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Increased levels of sperm ubiquitin correlate with semen quality in men from an andrology laboratory clinic population.

Authors
Sutovsky-P; Hauser-R; Sutovsky-M
Source
Hum Reprod 2004 Mar; 19(3):628-638
NIOSHTIC No.
20029413
Abstract
BACKGROUND: Ubiquitin, a house-keeping protein that marks other proteins for proteasomal degradation, tags defective sperm during epididymal passage. To establish ubiquitin as a biomarker of human infertility, the present study examines the relationships between sperm ubiquitin content and clinical semen parameters among men from an infertility clinic population with varied aetiologies. METHODS: Anti-ubiquitin immunoreactivity was measured by flow cytometric sperm-ubiquitin tag immunoassay (SUTI) in sperm samples of 28 infertility patients and 15 fertile donors. Semen analyses were performed by computer-assisted semen analysis and World Health Organization morphology. RESULTS: Median values of ubiquitin-induced fluorescence had a strong negative correlation with sperm count (r = -0.63, P = 0.0003) and a positive correlation with % abnormal morphology (r = 0.55, P = 0.01). Infertility patients (n = 28) had significantly higher levels of sperm ubiquitin. Out of 28 patients, six reported possible occupational exposures to solvents, three were current smokers and six were ex-smokers. Within the patient group, men with known male factor infertility, those with self-reported occupational exposure to solvents and current smokers had the highest sperm ubiquitin levels. When men with jobs involving potential occupational exposure to solvents were combined with current smokers, the highest correlations were found between sperm ubiquitin and motility (r = -0.74), count (r = -0.82) and % sperm abnormalities (r = 0.73). CONCLUSIONS: Increased sperm ubiquitin was inversely associated with sperm count, motility and % normal morphology, supporting the use of ubiquitin as a biomarker of human semen quality. SUTI assay confirmed poor semen quality in all men with poor clinical semen parameters, but also was high in some patients with seemingly good clinical semen parameters. Occupational exposure to solvents and smoking may have contributed to high levels of sperm ubiquitin in some of these patients.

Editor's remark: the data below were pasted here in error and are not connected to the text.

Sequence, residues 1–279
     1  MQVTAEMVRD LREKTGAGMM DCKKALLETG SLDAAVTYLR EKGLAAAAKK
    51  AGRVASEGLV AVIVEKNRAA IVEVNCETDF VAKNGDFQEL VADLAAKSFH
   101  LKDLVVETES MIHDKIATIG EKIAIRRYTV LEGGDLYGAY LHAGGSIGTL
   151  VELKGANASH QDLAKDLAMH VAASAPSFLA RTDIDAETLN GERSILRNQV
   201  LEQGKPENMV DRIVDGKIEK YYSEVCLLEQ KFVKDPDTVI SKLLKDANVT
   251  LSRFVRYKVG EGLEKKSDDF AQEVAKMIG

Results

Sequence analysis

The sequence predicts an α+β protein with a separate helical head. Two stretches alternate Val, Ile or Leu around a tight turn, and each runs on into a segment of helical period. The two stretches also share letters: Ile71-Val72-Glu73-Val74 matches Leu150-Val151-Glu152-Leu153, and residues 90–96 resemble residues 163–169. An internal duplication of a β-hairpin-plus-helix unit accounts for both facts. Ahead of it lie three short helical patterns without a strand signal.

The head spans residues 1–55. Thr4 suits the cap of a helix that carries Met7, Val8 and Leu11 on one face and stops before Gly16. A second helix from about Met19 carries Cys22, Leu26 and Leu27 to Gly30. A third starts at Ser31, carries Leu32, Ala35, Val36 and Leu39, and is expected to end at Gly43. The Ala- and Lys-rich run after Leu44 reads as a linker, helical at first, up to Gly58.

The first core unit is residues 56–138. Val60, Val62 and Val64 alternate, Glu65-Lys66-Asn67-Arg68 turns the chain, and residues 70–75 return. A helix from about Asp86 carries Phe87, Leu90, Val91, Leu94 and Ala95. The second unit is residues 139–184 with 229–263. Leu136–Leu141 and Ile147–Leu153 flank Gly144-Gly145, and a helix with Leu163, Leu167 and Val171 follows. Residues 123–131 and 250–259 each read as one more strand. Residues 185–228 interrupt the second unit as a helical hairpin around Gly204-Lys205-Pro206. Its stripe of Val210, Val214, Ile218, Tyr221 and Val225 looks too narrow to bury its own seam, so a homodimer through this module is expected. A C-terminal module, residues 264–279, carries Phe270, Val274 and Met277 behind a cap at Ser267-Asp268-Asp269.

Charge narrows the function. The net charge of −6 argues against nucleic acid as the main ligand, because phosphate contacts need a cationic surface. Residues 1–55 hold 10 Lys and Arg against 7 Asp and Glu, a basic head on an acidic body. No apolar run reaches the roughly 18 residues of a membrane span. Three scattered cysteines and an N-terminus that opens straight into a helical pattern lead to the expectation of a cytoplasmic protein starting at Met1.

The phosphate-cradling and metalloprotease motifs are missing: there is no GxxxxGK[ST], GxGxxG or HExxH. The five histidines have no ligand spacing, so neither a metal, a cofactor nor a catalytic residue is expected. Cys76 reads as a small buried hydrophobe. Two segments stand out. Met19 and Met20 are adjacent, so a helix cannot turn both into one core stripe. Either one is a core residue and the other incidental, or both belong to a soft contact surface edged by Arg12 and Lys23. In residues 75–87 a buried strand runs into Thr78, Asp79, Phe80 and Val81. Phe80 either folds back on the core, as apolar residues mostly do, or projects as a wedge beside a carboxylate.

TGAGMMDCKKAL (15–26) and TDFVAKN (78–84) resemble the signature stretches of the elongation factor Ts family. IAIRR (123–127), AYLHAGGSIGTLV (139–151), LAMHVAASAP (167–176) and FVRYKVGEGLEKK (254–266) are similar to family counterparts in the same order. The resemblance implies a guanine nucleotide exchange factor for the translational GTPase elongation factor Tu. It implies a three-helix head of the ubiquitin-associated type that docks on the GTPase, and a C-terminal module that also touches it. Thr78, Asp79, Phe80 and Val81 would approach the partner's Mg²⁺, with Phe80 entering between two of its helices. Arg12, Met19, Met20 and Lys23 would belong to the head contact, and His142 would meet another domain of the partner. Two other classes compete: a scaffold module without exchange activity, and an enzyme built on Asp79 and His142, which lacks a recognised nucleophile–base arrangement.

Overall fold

Keywords
Reproductive-system-disorders; Reproductive-system; Spermatogenesis; Spermatozoa; Fertility; Mammalian-cells
Contact
Department of Animal Science, University of Missouri-Columbia, 65211-5300
CODEN
HUREEE
Publication Date
20040301
Document Type
Journal Article
Email Address
SutovskyP@missouri.edu
Funding Amount
235845
Funding Type
Grant
Fiscal Year
2004
NTIS Accession No.
NTIS Price
Identifying No.
Grant-Number-R21-OH-007324
Issue of Publication
3
ISSN
0268-1161
Source Name
Human Reproduction
State
OR; MO
Performing Organization
University of Missouri, Columbia, Missouri
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